ISIS or ISIL or IS? Does it matter? | Charles Duelfer

ISIS or ISIL or IS? Does it matter?

The President gave his speech on strategy towards ISIL…except everyone calls it ISIS in the West. ISIL is Islamic State in Iraq and the Levant and ISIS is Islamic State in Iraq and Syria or al Shams, which is roughly the same territory as Syria. And the group calls itself the Islamic State or IS. What gives?

The dogged retention by the President of the term ISIL may be related to the legal powers he wishes to employ. Broadly, the force he wants to bring to bear derives from counter terrorism authorities that single out Al Qaeda as the objective. It seems ISIL is linked legally if not genetically to Al Qaeda or politically to Al Qaeda. We have a well-established legal and intelligence structure in place to kill Al Qaeda targets and the President has been making great use of it.

However, ISIS (I will use the popular term) is clearly not Al Qaeda. Because we are playing catch-up with this threat, our thinking and legal authorities have not been revised to accommodate something that is radically different than Al Qaeda. Is ISIS a terrorist organization? They want to be a state. Of course, this is the last thing we want (hence our aversion to accepting their name—Islamic State, IS). Maybe they think they can eventually be accepted as the PLO eventually transitioned from a terrorist group to a state with acknowledged legitimacy. Seems dubious now, but many never dreamed Yasser Arafat would be welcomed at the White House.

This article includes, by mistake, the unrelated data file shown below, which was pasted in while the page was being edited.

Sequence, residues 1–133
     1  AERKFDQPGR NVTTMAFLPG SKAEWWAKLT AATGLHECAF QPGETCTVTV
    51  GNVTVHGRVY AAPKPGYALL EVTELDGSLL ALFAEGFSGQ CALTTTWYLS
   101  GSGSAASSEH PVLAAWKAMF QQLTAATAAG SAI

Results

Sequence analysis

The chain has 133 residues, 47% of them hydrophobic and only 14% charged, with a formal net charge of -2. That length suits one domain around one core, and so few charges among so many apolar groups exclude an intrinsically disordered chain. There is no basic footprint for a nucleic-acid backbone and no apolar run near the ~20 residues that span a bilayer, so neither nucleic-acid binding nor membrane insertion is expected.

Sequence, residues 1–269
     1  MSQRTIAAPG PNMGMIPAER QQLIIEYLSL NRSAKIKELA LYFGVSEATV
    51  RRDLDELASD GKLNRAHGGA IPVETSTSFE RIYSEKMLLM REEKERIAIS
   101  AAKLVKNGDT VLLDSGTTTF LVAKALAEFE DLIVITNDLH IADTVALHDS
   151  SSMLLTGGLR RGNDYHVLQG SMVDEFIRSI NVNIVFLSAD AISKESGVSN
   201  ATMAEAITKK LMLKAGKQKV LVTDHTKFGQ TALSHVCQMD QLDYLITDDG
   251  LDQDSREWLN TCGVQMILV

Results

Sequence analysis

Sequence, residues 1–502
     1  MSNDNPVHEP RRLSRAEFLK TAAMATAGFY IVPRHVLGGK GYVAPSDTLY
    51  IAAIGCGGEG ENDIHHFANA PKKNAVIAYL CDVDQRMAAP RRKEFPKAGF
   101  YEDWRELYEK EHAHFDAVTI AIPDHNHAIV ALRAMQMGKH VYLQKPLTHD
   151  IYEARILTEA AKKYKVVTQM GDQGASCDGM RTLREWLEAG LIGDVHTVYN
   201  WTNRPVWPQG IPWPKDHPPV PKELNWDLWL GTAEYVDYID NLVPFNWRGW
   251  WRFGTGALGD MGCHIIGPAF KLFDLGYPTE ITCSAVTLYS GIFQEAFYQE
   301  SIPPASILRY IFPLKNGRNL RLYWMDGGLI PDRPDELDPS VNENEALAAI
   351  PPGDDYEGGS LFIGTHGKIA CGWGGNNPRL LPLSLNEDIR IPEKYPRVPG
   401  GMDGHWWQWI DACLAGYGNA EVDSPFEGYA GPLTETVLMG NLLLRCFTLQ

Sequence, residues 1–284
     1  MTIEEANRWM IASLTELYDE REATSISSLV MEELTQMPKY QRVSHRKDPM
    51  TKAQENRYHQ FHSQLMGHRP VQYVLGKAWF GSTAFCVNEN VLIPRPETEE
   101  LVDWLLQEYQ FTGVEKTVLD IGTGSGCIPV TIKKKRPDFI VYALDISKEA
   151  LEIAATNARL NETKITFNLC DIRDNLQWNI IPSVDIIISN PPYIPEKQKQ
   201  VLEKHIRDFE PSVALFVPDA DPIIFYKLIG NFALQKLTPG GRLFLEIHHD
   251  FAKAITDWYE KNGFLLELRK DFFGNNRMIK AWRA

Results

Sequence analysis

ISIS is exploiting some key voids. One is geographic. The territory of Syria is up for grabs. In a different way, the territory of Iraq is up for grabs.

A second void is that the US is not structured legally or bureaucratically to kill ISIS. We have a well-oiled machine for tracking and killing Al Qaeda, but ISIS…not even close. Moreover, no one wants to take the lead. President Obama reacted because it was no longer avoidable given the brutal videos that ricocheted around the planet. But so far, the local governments have priorities that are not congruent with ours. Iraqis all have different objectives. The new government is not going to be any better than the last. The Kurds, whom the President called out separately in his speech in tacit recognition of their long held goal of being an independent state, are fighting only for their own piece of territory. And Syria, well, we either go full bore in standing up a rebel group or accept that the Russians and Iranians were right and Bashar al Assad is more in our interests because he is only killing his own people, not threatening the US.

None of these things are yet addressed in the current strategy. This will be a mess for the rest of the current administration.

This entry was posted in Intelligence, Iran, Iraq, ISIL, ISIS, Russia, Sunni, Terrorism. Bookmark the permalink.

One Response to ISIS or ISIL or IS? Does it matter?



    United Nations Security Council Resolution 2249 (2015) has determined that IS constitutes “a global and unprecedented threat to international peace and security.”